Such examples easily show that if humans had other senses, they would perceive a completely different picture of reality.

It Was All a Dream

Kabbalists explain that man can perceive reality on two levels, and both are completely influenced by his inner qualities:

On the first level, a human being’s inner quality is "egoism," which is opposite to the quality of Nature. This quality of egoism, which we presently possess, makes us feel separated from others and even encourages us to take advantage of them. Egoism is also the reason that our picture of reality is a world of warfare, struggle, poverty and corruption.

However, gradually our life experience makes us realize that egoistic perception does not bring us true satisfaction, since it can never experience a pleasure that lasts.

On the second, higher level, our inner quality is absolute love and giving—just like the quality of Nature's force. Those who perceive the world this way can see how all people function as parts of one system, working in reciprocity and creating a circle of endless pleasure.

According to Kabbalah, our existence on the first level is just a phase we go through, and its whole purpose is to let us independently change our perception of reality. Kabbalists, who learned how to change their perception, define our present existence as "the imaginary life" or "the imaginary reality."

In contrast, they call the corrected, whole and perfect existence "real life" or "the true reality." When looking back on their previous, egoistic perceptions, they describe them as a dream by saying, "we were like unto them that dream." (Psalms 126:1)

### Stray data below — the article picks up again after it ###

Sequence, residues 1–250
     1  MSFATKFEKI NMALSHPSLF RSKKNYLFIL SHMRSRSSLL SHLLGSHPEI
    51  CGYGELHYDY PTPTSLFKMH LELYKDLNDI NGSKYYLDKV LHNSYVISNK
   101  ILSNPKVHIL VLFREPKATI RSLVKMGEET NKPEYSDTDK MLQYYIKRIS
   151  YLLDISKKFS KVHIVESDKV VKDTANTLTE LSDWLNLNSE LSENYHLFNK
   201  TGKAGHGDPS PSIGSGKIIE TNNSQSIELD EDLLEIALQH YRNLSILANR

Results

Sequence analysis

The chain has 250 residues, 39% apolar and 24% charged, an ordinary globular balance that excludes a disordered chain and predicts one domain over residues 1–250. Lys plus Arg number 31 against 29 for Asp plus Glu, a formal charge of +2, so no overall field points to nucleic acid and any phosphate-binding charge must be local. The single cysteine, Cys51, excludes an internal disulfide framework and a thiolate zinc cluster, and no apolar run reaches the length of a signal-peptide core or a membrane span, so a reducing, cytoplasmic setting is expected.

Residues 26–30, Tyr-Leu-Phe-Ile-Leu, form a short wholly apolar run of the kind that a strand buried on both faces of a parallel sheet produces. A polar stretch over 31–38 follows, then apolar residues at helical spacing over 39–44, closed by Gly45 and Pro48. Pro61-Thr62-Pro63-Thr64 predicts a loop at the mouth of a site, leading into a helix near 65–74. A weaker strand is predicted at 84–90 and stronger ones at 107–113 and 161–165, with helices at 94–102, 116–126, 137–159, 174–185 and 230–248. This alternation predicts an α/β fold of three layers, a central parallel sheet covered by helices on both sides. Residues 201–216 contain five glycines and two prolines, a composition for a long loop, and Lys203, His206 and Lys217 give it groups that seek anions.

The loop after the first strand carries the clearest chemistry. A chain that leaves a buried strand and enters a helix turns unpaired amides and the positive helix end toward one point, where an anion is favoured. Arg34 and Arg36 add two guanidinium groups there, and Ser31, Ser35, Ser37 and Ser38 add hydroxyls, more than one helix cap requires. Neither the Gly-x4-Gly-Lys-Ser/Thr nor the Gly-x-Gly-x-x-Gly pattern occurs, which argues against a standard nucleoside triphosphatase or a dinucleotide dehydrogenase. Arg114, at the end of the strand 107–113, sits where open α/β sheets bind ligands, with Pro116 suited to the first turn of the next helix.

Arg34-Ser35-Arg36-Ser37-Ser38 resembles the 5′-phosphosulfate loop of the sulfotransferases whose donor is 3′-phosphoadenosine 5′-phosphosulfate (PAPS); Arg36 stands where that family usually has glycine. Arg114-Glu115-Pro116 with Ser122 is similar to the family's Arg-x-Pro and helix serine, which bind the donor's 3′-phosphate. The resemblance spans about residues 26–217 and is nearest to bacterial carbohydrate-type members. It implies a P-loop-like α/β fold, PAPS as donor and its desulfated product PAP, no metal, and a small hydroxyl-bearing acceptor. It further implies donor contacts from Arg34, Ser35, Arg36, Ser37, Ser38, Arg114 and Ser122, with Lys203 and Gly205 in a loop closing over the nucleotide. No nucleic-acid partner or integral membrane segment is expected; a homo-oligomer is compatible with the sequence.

This means that presently the true reality is concealed from us. We do not feel it because we perceive ourselves and the world according to our inner qualities, which are presently egoistic. At the moment, we do not sense that all people are connected as one because we repel such a relationship. The egoistic desire imprinted within us is not interested in such connections, and that is why it does not let us see the true picture of reality.

If we invert our egoism to the quality of Nature—loving and giving—we will feel and perceive completely different things around us that we did not notice before. Moreover, everything we saw before will look completely different—whole, eternal and purposeful. This is what Kabbalists mean in the verse, "I saw a reversed world" (Babylonian Talmud, Tract Pesachim).

Taste and See

The wisdom of Kabbalah teaches that our purpose in life is to independently rise from our present, limited existence to the true, eternal existence.

How do we do it? The only way to break free of egoistic perception is to make contact with the reality that exists outside of it. To do this, we need authentic Kabbalah books because they were written by those who discovered the true picture of reality. In their books, Kabbalists tell us about the perfect reality that is, in fact, right next to us. We just need to change our inner frequencies in order to pick up the broadcast.

As one reads about the true reality, the fog is gradually cleared over one's senses, and he starts sensing that reality. In fact, Kabbalists explain that it isn't by understanding the text that we change our qualities. Even if a person does not understand what he reads, his desire to understand attunes his perception.

"Although they do not understand what they learn, through the yearning and the great desire to understand what they learn, they awaken upon themselves the lights that surround their souls… Hence, even when one does not have the vessels, when he engages in this wisdom and mentions the names of the lights and the vessels related to his soul, they immediately shine upon him to a certain measure…"

Baal HaSulam,
"Introduction to Talmud Eser Sefirot"

The difference between our present sensation of life and the one we could achieve is enormous. In order to somewhat describe it, The Book of Zohar compares it to the difference between a thin candle's light and an infinite light, or as one grain of sand compared to the whole world. However, if you really want to know what it means, Kabbalists suggest that you see for yourself.

"Taste and see that the Lord is good."

Psalms 34:8